Lately I’ve been feeling a little like Kevin Costner in that film “Field of Dreams”. […]
I don’t know a whole lot about gardening. I don’t even know if that expression “pottering around” in the garden would apply to what I do. What I do is more like “messing around”. I make mistakes and kill things off, and plant stuff that never makes it past the neonatal stage. However, recently (and with Heather watching) I planted winter tomatoes and lettuce, and they are happily thriving. It feels good to grow things.
The photo is of some of the garden beds that we have been building since Dec./Jan. […]
A few recent posts have been rather on the whine-y side. […]
A saying I ran across in the nineties while I was participating in a Human Awareness workshop went like this: Real power is based on vulnerability.
It sounded good, but I don’t think I really understood what it meant.
It’s so hard for me to be vulnerable, and maybe the only shard of comfort is that many other people feel the same discomfort with vulnerability.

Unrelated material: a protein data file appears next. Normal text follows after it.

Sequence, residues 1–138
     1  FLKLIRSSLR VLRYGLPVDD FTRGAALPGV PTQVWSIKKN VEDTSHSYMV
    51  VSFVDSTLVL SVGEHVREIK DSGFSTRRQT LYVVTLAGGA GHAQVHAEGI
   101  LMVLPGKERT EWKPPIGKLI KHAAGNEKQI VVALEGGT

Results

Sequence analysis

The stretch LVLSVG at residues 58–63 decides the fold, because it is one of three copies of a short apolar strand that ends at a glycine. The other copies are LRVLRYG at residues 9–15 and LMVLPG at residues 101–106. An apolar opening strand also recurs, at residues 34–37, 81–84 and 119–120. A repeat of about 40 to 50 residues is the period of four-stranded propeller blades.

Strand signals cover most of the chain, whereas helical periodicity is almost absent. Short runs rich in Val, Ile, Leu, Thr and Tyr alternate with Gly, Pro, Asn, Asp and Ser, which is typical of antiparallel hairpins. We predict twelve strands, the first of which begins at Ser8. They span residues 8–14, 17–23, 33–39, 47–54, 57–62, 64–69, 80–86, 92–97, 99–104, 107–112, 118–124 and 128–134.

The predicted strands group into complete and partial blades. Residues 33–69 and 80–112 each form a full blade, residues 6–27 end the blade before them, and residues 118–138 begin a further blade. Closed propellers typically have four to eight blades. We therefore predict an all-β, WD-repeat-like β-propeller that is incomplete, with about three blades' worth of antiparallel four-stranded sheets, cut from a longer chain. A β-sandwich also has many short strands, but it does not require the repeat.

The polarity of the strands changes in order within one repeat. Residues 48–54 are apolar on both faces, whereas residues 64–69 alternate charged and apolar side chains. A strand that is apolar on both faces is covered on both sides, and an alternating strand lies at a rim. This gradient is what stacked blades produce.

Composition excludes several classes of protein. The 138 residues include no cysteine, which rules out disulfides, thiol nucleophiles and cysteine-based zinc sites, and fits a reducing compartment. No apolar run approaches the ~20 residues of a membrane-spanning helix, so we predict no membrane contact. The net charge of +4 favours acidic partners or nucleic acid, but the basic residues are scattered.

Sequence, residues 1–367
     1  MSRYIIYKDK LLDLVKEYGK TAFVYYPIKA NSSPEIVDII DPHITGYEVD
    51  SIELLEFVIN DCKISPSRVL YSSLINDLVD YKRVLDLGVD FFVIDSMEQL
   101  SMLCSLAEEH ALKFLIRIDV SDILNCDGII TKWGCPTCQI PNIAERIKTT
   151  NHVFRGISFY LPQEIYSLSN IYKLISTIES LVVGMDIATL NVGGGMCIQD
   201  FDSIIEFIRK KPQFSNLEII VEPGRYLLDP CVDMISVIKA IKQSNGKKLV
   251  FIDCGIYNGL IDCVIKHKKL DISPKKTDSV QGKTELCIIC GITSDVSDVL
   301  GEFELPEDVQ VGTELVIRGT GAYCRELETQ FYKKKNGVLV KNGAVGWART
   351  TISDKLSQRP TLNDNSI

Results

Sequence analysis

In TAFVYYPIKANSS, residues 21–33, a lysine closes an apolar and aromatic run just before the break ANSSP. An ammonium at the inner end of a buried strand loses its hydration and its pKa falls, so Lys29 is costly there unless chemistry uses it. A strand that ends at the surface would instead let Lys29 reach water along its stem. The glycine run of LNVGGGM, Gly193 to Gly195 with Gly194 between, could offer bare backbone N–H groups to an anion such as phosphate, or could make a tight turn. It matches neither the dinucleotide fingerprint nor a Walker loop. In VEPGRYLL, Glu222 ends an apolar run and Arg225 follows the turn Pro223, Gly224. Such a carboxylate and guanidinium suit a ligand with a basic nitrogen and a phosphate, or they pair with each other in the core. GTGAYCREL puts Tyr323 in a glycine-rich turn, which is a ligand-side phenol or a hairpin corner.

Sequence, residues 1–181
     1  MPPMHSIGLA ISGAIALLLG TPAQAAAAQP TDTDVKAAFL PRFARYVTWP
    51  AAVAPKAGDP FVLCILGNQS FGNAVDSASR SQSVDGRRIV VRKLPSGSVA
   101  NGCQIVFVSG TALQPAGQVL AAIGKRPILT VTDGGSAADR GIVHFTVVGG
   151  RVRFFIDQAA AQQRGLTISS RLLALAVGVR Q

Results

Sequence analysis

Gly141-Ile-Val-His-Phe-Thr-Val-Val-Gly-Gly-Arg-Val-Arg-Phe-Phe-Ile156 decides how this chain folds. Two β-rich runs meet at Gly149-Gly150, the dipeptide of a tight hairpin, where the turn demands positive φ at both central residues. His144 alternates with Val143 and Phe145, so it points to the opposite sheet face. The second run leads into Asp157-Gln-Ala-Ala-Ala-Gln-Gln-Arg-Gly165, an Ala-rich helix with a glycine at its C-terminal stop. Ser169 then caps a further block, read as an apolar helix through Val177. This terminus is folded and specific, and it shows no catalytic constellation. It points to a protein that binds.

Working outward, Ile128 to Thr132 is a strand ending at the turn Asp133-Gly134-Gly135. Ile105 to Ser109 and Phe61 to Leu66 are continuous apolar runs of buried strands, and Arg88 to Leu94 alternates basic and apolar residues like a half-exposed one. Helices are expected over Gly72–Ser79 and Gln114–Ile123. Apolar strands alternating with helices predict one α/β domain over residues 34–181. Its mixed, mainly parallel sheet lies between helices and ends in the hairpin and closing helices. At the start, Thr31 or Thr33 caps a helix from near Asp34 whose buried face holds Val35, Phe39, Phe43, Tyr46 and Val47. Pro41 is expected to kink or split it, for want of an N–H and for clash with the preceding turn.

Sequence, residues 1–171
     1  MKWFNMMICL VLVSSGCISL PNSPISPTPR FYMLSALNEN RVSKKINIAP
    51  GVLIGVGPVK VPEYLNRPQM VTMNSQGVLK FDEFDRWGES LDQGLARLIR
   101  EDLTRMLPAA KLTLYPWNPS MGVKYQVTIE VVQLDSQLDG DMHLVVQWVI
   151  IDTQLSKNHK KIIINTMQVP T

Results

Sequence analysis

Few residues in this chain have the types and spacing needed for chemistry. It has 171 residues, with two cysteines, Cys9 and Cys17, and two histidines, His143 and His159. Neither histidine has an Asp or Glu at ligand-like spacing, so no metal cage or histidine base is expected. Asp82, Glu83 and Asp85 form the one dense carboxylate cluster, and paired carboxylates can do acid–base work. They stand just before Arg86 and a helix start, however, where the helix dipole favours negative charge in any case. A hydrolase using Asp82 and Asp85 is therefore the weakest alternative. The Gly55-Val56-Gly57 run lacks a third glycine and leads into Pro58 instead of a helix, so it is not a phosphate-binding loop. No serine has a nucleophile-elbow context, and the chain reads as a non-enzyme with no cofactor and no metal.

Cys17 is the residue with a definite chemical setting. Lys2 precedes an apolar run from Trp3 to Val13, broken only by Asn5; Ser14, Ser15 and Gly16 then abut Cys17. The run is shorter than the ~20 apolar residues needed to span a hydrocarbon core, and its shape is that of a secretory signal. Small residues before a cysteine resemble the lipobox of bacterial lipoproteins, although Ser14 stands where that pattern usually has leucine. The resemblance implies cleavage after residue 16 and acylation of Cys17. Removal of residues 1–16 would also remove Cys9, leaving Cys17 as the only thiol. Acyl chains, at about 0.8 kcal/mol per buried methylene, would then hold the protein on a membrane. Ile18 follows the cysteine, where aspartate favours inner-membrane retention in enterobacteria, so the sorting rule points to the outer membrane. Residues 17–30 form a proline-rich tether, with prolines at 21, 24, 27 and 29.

And, it’s such a good thing to be vulnerable. There is power in it because a person who is willing to own their weaknesses has nothing to cover up or resist. […]
What is it about sirsasana that lines people on opposing sides – mainly love-hate. I’m on the love side and I haven’t been able to do headstand for more than eight weeks. […]
Incense and oriental bells are time-honoured instruments to nudge us back into the present if our minds have gone elsewhere. Meditators know that if they don’t have a strong focus they will drift, probably often.
An even more powerful device for making us aware in the moment is our breath. In the practice of pranayama, we can listen to our breath, identify such nuances as tone, pace, and depth, and even locate it in various areas of our bodies. […]
Attending classes are a tremendous way to be introduced to yoga and to enjoy the comraderie of others. I was completely hooked on classes when I learned Iyengar yoga in the early 80’s. I can’t believe it now, but I used to do more than one class a day. I think the cost of a class was $8 then, and the price went down to $5 if you were enrolled in the six-month teachers’ training course. Come to think of it, all the classes were two hours long! I don’t know if I was passionate or just obsessed. […]
I remember hearing from any number of yoga teacher trainees when I was working with them at Nature Care College that they would like to write articles on yoga topics. So far, I’m not aware of any of the grads of that course being published in any “trade” magazines I’ve come across. […]